Eugene Rodriguez didn’t start out with any grand plans. Clutching a newly minted degree from the San Francisco Conservatory of Music, the guitarist figured he could do some good by teaching Mexican-American kids in the Richmond area about their cultural roots via mariachi, fandangos and Caribbean-inflected son jarocho.
A quarter century later, the institution he founded and directs, Los Cenzontles Cultural Arts Academy, is a creative powerhouse with international reach. The organization celebrates its 25th anniversary Saturday, May 30, with a family barbecue benefit featuring dance, raffles, a silent auction and a performance by the Los Cenzontles ensemble with Los Lobos guitarist David Hidalgo (one of many high-profile musical supporters who have collaborated with Los Cenzontles over the years).
Demographics and conditions in west Contra Costa County have changed since Rodriguez laid the foundation for Los Cenzontles (which means “the mockingbirds” in the indigenous language Nahautl), but he feels that the original mission is more crucial than ever. The first wave of kids who came into his orbit in the late 1980s were working class Mexican-Americans who grew up speaking English, “and then we had an immigration boom, and we dealt with that in real time, looking at the deeper functions of culture and tradition,” he says.
In many ways, Los Cenzontles was baptized in crisis. The organization traces its roots back to a 1989 California Arts Council artist-in-residency grant. In the early '90s a crime wave that took the lives of several Richmond teenagers lit a fire under Rodriguez, “particularly the rape and murder of a 15-year-old girl Cecy Rios, who was friends with a lot of people at the center,” he recalls. “At the same time I was producing this record for Los Lobos, Papa's Dream, and those two events made it clear to me I needed to do more, and that's why I incorporated the center as a non-profit. It opened the door to more kids and styles of music. Mexican music was becoming more popular with banda, and nobody else was providing vernacular musical training.”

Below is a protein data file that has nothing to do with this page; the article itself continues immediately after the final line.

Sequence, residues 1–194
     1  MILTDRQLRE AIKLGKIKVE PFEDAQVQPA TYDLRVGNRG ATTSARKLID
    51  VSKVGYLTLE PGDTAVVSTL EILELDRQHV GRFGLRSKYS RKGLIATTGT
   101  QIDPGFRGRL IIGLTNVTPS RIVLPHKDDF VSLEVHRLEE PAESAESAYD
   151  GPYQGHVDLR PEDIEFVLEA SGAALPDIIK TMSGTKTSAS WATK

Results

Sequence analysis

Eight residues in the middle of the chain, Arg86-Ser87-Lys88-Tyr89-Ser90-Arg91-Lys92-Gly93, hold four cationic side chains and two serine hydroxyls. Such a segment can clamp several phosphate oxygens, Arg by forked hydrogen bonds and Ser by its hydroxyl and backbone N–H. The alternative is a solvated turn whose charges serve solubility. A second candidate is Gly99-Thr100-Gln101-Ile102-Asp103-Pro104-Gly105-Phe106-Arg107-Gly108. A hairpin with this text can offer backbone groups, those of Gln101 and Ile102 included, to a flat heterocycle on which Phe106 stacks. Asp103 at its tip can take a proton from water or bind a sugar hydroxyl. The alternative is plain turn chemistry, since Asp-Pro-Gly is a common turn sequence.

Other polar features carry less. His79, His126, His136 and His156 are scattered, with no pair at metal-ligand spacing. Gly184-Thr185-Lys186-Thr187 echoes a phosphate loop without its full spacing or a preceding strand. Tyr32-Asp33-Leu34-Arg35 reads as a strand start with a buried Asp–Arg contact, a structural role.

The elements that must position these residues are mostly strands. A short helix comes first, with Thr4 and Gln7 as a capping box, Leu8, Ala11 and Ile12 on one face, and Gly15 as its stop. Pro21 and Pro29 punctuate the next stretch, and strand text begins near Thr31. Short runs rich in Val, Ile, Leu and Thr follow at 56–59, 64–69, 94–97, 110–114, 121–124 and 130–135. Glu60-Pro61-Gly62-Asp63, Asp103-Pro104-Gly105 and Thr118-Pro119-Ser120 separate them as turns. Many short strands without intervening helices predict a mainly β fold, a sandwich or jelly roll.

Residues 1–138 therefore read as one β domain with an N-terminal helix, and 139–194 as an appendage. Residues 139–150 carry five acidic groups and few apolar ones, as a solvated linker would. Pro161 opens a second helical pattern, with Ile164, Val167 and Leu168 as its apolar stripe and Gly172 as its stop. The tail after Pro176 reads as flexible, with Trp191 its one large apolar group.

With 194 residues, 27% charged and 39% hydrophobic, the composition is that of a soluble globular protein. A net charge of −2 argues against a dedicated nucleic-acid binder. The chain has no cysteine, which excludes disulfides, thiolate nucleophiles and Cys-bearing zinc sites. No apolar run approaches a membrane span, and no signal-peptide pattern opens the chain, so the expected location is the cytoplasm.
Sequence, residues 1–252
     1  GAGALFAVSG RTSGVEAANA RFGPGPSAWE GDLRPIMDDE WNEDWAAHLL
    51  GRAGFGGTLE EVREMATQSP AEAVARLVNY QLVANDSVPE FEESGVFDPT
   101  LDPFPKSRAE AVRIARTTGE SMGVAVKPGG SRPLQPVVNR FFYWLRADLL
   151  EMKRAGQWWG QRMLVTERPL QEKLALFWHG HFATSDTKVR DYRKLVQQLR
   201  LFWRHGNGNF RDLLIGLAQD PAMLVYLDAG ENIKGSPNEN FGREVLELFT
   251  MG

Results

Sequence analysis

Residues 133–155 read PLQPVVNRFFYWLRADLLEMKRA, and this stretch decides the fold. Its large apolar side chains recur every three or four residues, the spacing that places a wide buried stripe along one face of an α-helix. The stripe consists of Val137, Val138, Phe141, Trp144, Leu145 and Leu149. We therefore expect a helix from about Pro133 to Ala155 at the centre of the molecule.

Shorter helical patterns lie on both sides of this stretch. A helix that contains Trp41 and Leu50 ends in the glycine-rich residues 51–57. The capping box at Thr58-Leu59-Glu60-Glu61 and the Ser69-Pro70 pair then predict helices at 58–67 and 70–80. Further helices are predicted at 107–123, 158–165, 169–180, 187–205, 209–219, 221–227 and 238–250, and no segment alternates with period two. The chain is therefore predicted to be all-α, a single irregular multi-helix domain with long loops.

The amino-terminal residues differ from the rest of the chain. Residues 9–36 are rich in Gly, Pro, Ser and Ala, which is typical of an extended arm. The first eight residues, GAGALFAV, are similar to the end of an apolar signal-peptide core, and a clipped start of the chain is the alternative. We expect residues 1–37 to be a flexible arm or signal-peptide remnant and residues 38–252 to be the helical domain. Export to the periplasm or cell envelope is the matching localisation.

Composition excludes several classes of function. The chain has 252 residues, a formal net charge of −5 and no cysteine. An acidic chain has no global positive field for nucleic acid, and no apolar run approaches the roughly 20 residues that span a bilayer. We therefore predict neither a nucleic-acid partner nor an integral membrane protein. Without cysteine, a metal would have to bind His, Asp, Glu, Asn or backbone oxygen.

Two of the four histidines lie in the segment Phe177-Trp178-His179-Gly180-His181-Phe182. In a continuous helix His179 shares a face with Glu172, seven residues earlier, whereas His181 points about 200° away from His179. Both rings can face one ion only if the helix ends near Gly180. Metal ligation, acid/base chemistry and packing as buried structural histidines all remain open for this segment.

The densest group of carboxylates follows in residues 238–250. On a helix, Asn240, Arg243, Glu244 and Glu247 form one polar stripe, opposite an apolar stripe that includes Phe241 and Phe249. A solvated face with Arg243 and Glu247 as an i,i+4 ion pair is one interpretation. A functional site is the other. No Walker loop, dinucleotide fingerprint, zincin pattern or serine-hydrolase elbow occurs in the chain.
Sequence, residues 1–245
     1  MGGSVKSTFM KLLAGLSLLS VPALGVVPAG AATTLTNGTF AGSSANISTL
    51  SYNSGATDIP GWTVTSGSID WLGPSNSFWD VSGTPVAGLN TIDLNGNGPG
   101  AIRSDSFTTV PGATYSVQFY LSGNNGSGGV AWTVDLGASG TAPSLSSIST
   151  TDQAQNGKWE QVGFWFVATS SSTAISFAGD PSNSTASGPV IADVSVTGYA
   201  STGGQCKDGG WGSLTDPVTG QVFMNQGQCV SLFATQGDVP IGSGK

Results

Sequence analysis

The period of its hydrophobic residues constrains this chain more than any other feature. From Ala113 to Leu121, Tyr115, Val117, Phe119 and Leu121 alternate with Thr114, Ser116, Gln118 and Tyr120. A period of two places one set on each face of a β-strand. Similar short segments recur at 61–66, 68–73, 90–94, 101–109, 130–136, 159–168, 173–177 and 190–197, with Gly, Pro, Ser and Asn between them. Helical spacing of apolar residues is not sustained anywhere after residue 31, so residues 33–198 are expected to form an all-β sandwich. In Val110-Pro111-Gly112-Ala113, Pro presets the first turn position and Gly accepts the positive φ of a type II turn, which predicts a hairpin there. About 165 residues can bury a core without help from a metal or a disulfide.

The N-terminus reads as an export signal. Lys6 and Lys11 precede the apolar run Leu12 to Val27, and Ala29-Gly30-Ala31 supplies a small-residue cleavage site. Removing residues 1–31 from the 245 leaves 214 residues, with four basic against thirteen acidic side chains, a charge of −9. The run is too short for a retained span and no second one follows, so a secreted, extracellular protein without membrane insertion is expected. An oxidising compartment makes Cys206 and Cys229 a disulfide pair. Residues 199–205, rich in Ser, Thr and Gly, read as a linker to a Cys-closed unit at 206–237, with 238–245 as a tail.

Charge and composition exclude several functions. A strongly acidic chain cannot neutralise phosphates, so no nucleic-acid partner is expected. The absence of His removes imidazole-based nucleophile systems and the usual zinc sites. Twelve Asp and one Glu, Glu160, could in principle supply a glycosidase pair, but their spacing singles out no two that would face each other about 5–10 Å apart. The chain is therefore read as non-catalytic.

So with the storefront cultural center in San Pablo serving as home base, Rodriguez built an arts academy. Many of his original students, who now make up the acclaimed Los Cenzontles ensemble, went on to become teachers at the center. Regular trips to Mexico connected Los Cenzontles to masters of various regional styles, traditions that were in danger of fading away due to neglect at home. A series of documentaries by Mexico City-based director and editor Ricardo Broajos captured the growing bonds between Los Cenzontles and older Mexican musicians, particularly the great Veracruz son jarocho ensemble Mono Blanco in Fandango: Searching For the White Monkey.
Back in the U.S., Los Cenzontles has collaborated with a dazzling array of artists, from Linda Ronstadt, Ry Cooder and Taj Mahal to zydeco wizard Andre Thierry and iconic Irish band the Chieftains. But it’s the relationship with Los Lobos that’s proven to be the most enduring. The first collaboration, the aforementioned 1995 children’s album Papa's Dream, earned a Grammy nomination. Produced by Rodriguez, the album paired Los Lobos with a children’s chorus from the cultural center and legendary Chicano artist/activist Lalo Guerrero.